The Museum of Modern Art and the Film Society of Lincoln Center announce the complete lineup for the
48th annual New Directors/New Films
March 27 – April 7
Opening Night—Chinonye Chukwu’s Clemency Centerpiece—Alejandro Landes’s Monos Closing Night—Pippa Bianco’s Share
Featuring 35 films from 29 countries with 10 North American Premieres and 2 World Premieres, 15 films directed or co-directed by women, and 11 works by first-time feature filmmakers
New York, NY (February 21, 2019) – The Museum of Modern Art and the Film Society of Lincoln Center announce the complete lineup for the 48th annual New Directors/New Films (ND/NF), March 27 – April 7. Throughout its rich, nearly half-century history, the festival has celebrated filmmakers who represent the present and anticipate the future of cinema, daring artists whose work pushes the envelope in unexpected ways. This year’s festival will introduce 24 features and 11 short films to New York audiences.
The Opening, Closing, and Centerpiece selections are the New York premieres of three Sundance award-winners: opening the festival is Chinonye Chukwu’s Clemency, which won the U.S. Dramatic Grand Jury Prize and features a masterful performance from Alfre Woodard as a prison warden grappling with her role in the justice system; Centerpiece is Alejandro Landes’s Monos, a contemporary reimagining of Lord of the Fliesand winner of a World Cinema Dramatic Special Jury Prize; and closing ND/NF is Pippa Bianco’s Share, a powerful portrait of a sexual assault victim, which took home U.S. Dramatic prizes for Breakthrough Performance and Screenwriting.
The lineup also boasts top prizewinners from festivals around the world, including Yeo Siew Hua’s A Land Imagined, a sociopolitical noir set in mainland China (awarded Locarno’s Golden Leopard); cinematographer Phuttiphong Aroonpheng’s stunning feature directorial debut Manta Ray, voted one of the best undistributed films of 2018 by Film Comment (and winner of Venice’s Orizzonti prize); Shengze Zhu’s Present.Perfect., a fascinating found-footage doc assembling live-streamed clips from marginalized voices (which took home Rotterdam’s Tiger Award); and two more Sundance winners—Tamara Kotevska & Ljubomir Stefanov’s wildly engaging beekeeping documentary Honeyland(World Cinema Documentary Grand Jury Prize) and Luke Lorentzen’s exhilarating doc about family-run ambulances, Midnight Family(U.S. Documentary Special Jury Award for Cinematography).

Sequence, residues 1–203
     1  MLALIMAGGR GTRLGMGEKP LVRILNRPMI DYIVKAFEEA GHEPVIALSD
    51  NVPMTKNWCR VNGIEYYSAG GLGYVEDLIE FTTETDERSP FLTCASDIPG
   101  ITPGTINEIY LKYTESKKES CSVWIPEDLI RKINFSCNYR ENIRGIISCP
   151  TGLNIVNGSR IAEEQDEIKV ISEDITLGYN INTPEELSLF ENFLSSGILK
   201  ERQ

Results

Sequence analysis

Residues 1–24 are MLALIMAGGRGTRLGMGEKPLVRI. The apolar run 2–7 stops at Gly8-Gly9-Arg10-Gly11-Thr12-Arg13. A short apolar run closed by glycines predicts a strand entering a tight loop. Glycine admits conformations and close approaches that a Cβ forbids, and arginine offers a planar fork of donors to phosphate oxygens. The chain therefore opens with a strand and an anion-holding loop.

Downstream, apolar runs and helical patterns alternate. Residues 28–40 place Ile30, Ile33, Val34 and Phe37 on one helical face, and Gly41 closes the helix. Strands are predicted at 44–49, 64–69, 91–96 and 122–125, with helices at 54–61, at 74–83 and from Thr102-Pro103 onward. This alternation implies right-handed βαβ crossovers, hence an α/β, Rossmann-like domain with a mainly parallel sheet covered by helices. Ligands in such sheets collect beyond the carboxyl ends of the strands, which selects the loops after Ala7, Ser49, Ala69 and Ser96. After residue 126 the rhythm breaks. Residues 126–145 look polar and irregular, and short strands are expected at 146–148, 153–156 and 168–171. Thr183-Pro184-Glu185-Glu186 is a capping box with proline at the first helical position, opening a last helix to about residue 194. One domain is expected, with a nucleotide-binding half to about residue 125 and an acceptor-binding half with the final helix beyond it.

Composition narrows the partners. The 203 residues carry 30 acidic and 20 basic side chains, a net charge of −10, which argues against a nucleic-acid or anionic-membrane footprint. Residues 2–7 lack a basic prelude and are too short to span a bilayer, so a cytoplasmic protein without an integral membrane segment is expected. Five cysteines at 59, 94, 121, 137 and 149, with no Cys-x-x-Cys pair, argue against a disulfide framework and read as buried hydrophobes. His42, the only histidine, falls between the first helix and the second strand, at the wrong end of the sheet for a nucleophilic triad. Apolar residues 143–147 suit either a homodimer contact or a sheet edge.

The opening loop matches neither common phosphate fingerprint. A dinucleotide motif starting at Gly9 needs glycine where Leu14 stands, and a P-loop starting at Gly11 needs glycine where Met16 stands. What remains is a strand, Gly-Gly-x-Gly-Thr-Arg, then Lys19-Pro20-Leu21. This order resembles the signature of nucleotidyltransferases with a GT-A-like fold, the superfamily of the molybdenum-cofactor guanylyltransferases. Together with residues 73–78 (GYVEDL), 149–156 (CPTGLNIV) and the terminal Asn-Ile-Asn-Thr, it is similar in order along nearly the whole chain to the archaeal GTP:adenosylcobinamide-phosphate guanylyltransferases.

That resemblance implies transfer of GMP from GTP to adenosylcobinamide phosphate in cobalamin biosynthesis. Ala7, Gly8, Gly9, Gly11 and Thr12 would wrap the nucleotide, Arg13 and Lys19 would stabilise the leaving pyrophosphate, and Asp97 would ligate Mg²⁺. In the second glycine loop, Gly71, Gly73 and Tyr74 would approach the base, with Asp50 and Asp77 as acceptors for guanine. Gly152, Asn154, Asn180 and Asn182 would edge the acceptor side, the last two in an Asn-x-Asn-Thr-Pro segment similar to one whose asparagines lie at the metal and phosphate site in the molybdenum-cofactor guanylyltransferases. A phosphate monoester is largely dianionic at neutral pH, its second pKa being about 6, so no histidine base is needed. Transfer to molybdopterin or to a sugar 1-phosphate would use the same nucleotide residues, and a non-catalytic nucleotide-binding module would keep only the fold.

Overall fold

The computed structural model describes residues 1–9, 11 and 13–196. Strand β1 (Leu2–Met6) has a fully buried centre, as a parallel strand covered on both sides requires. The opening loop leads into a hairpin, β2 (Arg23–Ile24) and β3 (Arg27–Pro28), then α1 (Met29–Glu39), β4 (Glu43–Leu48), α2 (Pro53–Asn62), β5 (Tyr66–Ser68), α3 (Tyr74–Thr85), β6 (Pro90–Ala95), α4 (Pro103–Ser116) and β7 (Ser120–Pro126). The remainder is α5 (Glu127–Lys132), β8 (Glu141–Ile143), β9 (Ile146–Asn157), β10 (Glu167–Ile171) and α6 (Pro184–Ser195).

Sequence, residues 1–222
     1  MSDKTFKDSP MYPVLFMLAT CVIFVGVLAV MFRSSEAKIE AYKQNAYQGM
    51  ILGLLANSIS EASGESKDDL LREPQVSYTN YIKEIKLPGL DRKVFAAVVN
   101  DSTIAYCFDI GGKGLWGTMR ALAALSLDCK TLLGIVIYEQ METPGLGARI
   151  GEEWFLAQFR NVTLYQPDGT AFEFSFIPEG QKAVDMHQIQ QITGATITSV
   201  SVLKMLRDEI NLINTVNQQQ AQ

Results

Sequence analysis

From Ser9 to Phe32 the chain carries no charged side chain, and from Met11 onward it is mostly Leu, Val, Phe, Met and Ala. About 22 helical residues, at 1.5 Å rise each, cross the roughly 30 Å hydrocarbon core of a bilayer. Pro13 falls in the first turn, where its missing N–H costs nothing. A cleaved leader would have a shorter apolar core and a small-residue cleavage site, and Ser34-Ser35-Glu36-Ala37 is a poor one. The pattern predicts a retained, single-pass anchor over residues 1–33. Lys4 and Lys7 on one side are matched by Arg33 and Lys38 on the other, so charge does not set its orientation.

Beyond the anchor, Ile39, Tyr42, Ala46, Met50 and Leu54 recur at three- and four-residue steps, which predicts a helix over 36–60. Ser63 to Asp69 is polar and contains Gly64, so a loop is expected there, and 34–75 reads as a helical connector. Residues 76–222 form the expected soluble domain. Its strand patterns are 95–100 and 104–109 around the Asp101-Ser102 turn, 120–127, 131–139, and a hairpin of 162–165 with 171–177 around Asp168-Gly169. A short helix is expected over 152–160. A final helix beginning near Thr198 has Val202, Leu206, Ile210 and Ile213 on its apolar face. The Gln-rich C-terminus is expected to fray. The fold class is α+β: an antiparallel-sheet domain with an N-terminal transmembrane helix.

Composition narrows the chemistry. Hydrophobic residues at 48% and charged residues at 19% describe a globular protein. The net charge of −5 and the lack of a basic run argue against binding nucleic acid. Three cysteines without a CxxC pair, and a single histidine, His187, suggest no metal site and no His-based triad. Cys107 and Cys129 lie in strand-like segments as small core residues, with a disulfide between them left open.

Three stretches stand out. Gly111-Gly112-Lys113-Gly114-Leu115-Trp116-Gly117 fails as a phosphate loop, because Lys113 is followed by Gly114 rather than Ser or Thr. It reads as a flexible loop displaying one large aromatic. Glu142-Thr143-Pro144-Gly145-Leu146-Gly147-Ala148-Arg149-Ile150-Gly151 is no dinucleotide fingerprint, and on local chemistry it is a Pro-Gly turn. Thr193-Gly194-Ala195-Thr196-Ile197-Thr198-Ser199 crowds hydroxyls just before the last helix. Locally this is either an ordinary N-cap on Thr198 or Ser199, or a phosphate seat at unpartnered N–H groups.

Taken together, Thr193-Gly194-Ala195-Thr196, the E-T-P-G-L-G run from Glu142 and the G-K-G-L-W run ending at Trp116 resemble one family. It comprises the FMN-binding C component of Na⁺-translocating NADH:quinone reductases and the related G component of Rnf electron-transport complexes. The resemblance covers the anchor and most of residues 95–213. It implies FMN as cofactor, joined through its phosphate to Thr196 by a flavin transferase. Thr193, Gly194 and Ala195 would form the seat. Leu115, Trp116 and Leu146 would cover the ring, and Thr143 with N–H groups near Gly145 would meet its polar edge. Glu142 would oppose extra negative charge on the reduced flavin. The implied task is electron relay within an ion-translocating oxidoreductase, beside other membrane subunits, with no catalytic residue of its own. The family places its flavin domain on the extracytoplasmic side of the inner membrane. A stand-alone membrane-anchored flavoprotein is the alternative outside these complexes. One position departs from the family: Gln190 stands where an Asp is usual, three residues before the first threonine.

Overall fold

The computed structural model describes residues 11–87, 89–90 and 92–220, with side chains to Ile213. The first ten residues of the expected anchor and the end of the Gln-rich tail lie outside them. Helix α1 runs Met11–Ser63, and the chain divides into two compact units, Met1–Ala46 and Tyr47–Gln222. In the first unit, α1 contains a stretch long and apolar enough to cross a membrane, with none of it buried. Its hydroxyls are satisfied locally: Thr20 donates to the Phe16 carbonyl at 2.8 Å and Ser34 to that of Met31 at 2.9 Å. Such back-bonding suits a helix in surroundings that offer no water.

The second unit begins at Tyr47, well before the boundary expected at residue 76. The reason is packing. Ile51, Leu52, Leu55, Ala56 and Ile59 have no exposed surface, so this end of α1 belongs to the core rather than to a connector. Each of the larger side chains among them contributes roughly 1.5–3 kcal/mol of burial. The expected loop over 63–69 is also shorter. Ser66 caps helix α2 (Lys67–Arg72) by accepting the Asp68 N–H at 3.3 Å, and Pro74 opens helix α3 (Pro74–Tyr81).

Among the first-time features are Lucio Castro’s End of the Century, a decades-spanning queer love story screening in its World Premiere; A Family Submerged, the feature directorial debut of actress María Alché (Lucrecia Martel’s The Holy Girl), shot by renowned cinematographer Hélène Louvart; Qiu Sheng’s Suburban Birds, a two-part narrative puzzle; Lila Avilés’s intimate portrait of a female hotel worker The Chambermaid; andEva Trobisch’s All Good, which won Locarno’s Best First Feature prize and has drawn comparisons to Maren Ade. Making their fiction feature debuts are Ognjen Glavonić with The Loadand André Novais Oliveira with Long Way Home.